Sullivan's team also calculated PrEP use and PrEP-to-need ratios for various demographic groups. Women had a PrEP usage rate of 2.0 and a new diagnosis rate of 5.5 per 100,000, giving a PrEP-to-need ratio of 0.4, indicating great unmet need. In comparison, men had a PrEP usage rate of 45.0 and a diagnosis rate of 24.9 per 100,000, for a PrEP-to-need ratio of 1.8. People age 24 and younger or 55 and older had lower PrEP-to-need ratios than those between these ages.

States with a higher proportion of people living in poverty, more people without health insurance and those that did not implement Medicaid expansion under the Affordable Care Act – which provides coverage for more people further up the income scale – had lower rates of PrEP usage and lower PrEP-to-need ratios.

"This study estimates that only 5% of the 1.2 million persons indicated for PrEP are potentially receiving PrEP protection, demonstrating a need to scale up PrEP among all groups and in all regions," the researchers concluded.

Need for PrEP higher among black Americans

It is widely acknowledged that African Americans have the highest HIV incidence and lowest PrEP usage rates, but this is hard to quantify because prescription data often do not include information about race or ethnicity.

The Emory team made a rough estimate based on the proportion of African Americans living in a state. They found that states with less than 3% African Americans had a PrEP usage rate of 12.0 and an HIV diagnosis rate of 7.0, yielding a PrEP-to-need ratio of 1.7. In contrast, states with 16% or more black people had a PrEP usage rate of 20.0 and a diagnosis rate of 22.1, for a PrEP-to-need ratio of 0.9.

In another analysis, Dawn Smith of the CDC's Division of HIV/AIDS Prevention presented results of a detailed analysis of PrEP use and need by race/ethnicity, combining data on risk behaviours, new HIV diagnoses at the national and state level, and Truvada prescriptions filled at commercial pharmacies.

The new state-level estimates suggest that 1.14 million Americans were at substantial risk for HIV and eligible for PrEP in 2015 according to CDC guidelines – down slightly from the earlier national figure of 1.23 million. Of these, 44% were black, 26% were white and 25% were Latino. However, only about 90,000 PrEP prescriptions were filled between September 2015 and August 2016, Smith reported.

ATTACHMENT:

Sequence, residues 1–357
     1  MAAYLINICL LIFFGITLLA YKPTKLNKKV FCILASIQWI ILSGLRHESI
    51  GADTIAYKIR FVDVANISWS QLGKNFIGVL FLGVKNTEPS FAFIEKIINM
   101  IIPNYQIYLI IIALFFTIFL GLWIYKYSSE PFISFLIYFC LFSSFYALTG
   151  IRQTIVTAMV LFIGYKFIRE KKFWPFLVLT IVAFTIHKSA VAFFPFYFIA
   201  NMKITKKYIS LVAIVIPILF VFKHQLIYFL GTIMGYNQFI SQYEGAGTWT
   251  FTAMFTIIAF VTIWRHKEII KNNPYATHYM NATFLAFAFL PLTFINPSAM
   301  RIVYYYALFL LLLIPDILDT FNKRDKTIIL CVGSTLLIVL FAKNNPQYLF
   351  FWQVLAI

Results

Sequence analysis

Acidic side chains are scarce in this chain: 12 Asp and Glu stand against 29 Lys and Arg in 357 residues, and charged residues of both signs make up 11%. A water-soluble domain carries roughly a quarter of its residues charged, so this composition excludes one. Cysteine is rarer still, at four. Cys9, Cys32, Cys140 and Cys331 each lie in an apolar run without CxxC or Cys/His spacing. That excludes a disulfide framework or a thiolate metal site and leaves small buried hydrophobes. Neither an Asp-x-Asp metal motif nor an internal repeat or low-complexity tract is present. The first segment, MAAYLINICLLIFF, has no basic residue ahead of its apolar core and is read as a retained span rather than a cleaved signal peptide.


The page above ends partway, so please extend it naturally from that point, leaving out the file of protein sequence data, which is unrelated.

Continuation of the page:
Approximately 500,000 African Americans and nearly 300,000 Latinos nationwide could potentially benefit from PrEP, but only 7000 prescriptions were known to have been filled for black people and 7600 for Latinos during this period. That is, only 1% of eligible African Americans and about 3% of Latinos were using PrEP. Even with missing racial/ethnic data for about a third of PrEP prescriptions, this reveals a substantial unmet need.

There was a smaller but still considerable gap between the number of white people who could potentially benefit from PrEP (300,000) and the number who received prescriptions (42,000), indicating that just 14% of those eligible were using it.

CDC estimates that 38% of gay and bisexual men who are eligible for PrEP are black, 64% of eligible heterosexuals are black, and 37% of eligible people who inject drugs are black.  

"African Americans make up nearly half of people who could potentially benefit from PrEP, but by far they are the least likely to have a prescription," Smith told reporters at a CROI press briefing. "After six years, we're nowhere near tapping the full potential of PrEP as a hugely powerful HIV prevention tool."

References

Siegler AJ et al. Distribution of active PrEP prescriptions and the PrEP-to-need ratio, US, Q2 2017. 25th Conference on Retroviruses and Opportunistic Infections (CROI 2018), Boston, abstract 1022LB, 2018.

View the abstract on the conference website.

View the presentation poster (PDF) on the conference website.

Smith D et al. By race/ethnicity, blacks have highest number needing PrEP in the United States, 2015. 25th Conference on Retroviruses and Opportunistic Infections (CROI 2018), Boston, abstract 86, 2018.

View the abstract on the conference website.

Watch the webcast of this presentation on the conference website.

E-atlas

United States

Find details of HIV services in United States, the latest news from the country, and a selection of resources from local organisations.

Find out more about United States >

Related news selected from other sources

More editors' picks on prEP >

NAM's news coverage of the 2018 Conference on Retroviruses and Opportunistic Infections has been supported by a grant from Gilead Sciences Europe Ltd.

Community Consensus Statement on Access to HIV Treatment and its Use for Prevention

Together, we can make it happen

We can end HIV soon if people have equal access to HIV drugs as treatment and as PrEP, and have free choice over whether to take them.

Launched today, the Community Consensus Statement is a basic set of principles aimed at making sure that happens.

The Community Consensus Statement is a joint initiative of AVAC, EATG, MSMGF, GNP+, HIV i-Base, the International HIV/AIDS Alliance, ITPC and NAM/aidsmap
close

This content was checked for accuracy at the time it was written. It may have been superseded by more recent developments. NAM recommends checking whether this is the most current information when making decisions that may affect your health.

NAM’s information is intended to support, rather than replace, consultation with a healthcare professional. Talk to your doctor or another member of your healthcare team for advice tailored to your situation.